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Why is it impossible for some to believe in the idea of mythical creatures and not a deity?

Think about it, I am spinning off my fairy question and wanted to know the real reason some find it hard to believe in the "idea" note I said "idea" not saying it is true or not that these types of things could or have existed. Is it so far fetched yet you can believe in a deity that you have never seen and have no proof of? Just curious. Debate away.


Asked by jujubean1979200 at 7:58 AM on Apr. 12, 2011 in Religious Debate

Level 23 (15,456 Credits)
This question is closed.
Answers (23)
  • well personally, i dont believe in things like fairies b/c ive never felt any spiritual connection to them. ive never experienced anything in my life that makes me believe they are real, but i do have that connection w/ God. and while i dont believe in fairies i dont see any point in telling others that they dont exist just b/c i dont believe in them...wheres the point in that? if i want others to respect my proof-less beliefs than i need to respect their proof-less beliefs.

    Answer by okmanders at 9:43 AM on Apr. 12, 2011

  • Well, I don't believe in any of it, though it makes great, very imaginative stories IMO. I don't believe in supernatural or that anything supernatural could even exist actually. To me--if it exists, it's natural. I believe everything has natural explanations, even if we don't understand it yet.

    Answer by pam19 at 8:38 AM on Apr. 12, 2011

  • I can understand how others believe in mythical creatures even if I do not myself believe in them- just like I feel like others should be able to understand that I believe in God even if they do not-

    Answer by soyousay at 9:22 AM on Apr. 12, 2011

  • Since all religious deities ARE mythological creations- they are one and the same in my mind. Show me hard core, undeniable 100% scientific evidence for a fairy and I'd HAVE to believe, and that goes for god as well.


    Answer by IhartU at 8:44 AM on Apr. 12, 2011

  • The answer is probably because those who believe in a deity usually have a holy book that they use as a guide. If that holy book simply doesn't say that there are other supernatural creatures, they might believe that some exist, but if the holy book states clearly that there are no supernatural deities except for the one or ones that are listed in the book, they are likely to believe that. In other words, people will believe what they've been told to believe if it's part of their traditions and written in an ancient book (or sometimes not so ancient--like the books by L.Ron Hubbard that inspired the newer religion of Scientology).


    Answer by jsbenkert at 8:59 AM on Apr. 12, 2011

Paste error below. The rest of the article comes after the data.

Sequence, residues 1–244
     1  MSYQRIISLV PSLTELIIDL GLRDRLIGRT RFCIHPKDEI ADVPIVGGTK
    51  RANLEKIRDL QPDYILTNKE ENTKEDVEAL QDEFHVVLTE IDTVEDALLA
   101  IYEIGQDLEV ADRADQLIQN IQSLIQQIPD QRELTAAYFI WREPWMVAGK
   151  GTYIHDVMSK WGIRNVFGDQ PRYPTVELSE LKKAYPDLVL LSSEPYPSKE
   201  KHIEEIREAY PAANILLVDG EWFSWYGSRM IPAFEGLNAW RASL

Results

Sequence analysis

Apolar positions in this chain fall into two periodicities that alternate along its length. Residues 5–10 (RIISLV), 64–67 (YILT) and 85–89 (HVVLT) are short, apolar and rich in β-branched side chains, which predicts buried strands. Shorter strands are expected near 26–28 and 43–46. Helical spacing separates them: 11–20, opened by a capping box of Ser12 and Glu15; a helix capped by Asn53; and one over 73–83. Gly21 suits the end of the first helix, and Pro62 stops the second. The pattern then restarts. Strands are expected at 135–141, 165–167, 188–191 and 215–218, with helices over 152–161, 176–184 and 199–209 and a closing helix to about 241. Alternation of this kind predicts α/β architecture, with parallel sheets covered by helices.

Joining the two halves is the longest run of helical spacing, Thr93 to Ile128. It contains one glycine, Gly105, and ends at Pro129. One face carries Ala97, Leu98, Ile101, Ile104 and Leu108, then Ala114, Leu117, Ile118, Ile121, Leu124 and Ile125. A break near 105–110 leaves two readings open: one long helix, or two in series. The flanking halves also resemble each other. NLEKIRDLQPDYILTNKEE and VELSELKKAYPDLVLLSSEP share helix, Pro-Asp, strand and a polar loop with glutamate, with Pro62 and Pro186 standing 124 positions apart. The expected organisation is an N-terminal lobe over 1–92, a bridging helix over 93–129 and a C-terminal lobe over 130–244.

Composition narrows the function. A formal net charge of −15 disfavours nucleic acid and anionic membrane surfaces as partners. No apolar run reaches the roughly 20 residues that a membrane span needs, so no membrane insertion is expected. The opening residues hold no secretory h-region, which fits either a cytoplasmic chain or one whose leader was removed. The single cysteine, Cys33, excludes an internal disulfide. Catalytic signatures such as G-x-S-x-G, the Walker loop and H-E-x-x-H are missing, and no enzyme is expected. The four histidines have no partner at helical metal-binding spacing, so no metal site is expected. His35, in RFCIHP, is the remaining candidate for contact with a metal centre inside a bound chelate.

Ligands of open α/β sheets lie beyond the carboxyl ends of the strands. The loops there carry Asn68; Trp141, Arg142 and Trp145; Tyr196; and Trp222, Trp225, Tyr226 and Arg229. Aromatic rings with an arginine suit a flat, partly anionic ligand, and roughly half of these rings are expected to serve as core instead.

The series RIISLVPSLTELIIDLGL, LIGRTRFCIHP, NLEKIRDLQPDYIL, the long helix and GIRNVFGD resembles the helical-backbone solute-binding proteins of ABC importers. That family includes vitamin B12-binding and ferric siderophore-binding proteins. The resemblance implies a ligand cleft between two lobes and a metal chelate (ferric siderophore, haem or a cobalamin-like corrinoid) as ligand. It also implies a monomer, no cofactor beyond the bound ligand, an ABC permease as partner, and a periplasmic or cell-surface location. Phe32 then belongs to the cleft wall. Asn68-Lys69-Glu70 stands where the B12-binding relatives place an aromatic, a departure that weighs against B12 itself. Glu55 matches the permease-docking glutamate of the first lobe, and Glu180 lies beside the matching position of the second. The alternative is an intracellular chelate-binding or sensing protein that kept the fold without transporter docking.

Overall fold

• Because many "creatures" don't fit in to their religions definition of creation. They are generally told from birth that merfolk, fay, ghosts & witches are all "just pretend" and they never look further than what they are told. You've heard the "you can't see fairies unless you believe in them" stuff, right? Well, it's PARTLY true. Fairies are nature spirit creatures, they are all around us, but they stay hidden because we have set ourselves so apart from nature. Those that believe in nature spirits tend to be the ones who are out in the woods planting new trees - they make an effort (not always) to be closer to nature than the average person does. So, they have a better chance in seeing them OR they have a better chance in seeing them and knowing what they are looking at...

    Answer by SabrinaMBowen at 9:16 AM on Apr. 12, 2011

  • Simply put, When people are raised from little up or when they choose to follow a belief system which says the only good energy is that which GOD puts out, they tend to simply credit him with the good that these other "creatures" do. If you teach someone from birth on that this is this and that is that and that these things are pure fiction and God is fact... That is what they will usually believe. And since the majority of Abrahamic Religions would NEVER credit the fay, or any other nature spirit or "mythical creature" with anything beyond being a demon (which is an explanation I have heard many times) the people who follow those paths are either not going to believe or will believe that "IF they are there, they are demons in disguise" which is what we were always told.

    Answer by SabrinaMBowen at 9:22 AM on Apr. 12, 2011

  • I guess you could apply the same reasoning that your giving to a Diety.....that you can't see and you have no proof of?

    Answer by Anonymous at 8:13 AM on Apr. 12, 2011

  • I think some people struggle with the concept of a god because there is so much pressure attached to it, pressure that if he/she exists for him/her to fix their lives, make them whole, fulfill their lives etc, but with mythical creatures theres no pressure for a unicorn to do anything for them ..make sense.?

    Answer by rhonda111787 at 9:08 AM on Apr. 12, 2011

  • Well, for me a belief in G-d didn't just happen. I struggled for a while with the concept, I even flirted with Atheism really wanting to find evidence that G-d doesn't exist. Eventually I was honest with myself and realized that Atheism didn't make sense to me. So once I chose to believe that there has to be a creator, I had to look into who He is. The religion I was raised in (Reform Judaism) again couldn't give me answers that were logical or consistent to me. SO I looked around, learned from other G-d based faiths and eventually found a logical and consistent set of ideas, so now I'm an Orthodox Jew.
    The idea of mythical creatures and other deities is contrary to the ideas I now think are true. So I don't reject other deities on the basis that there's no proof of their existence, but rather because the evidence that has been put before me tells me that there's a truth that's inconsistent with those ideas.


    Answer by momto2boys973 at 10:24 AM on Apr. 12, 2011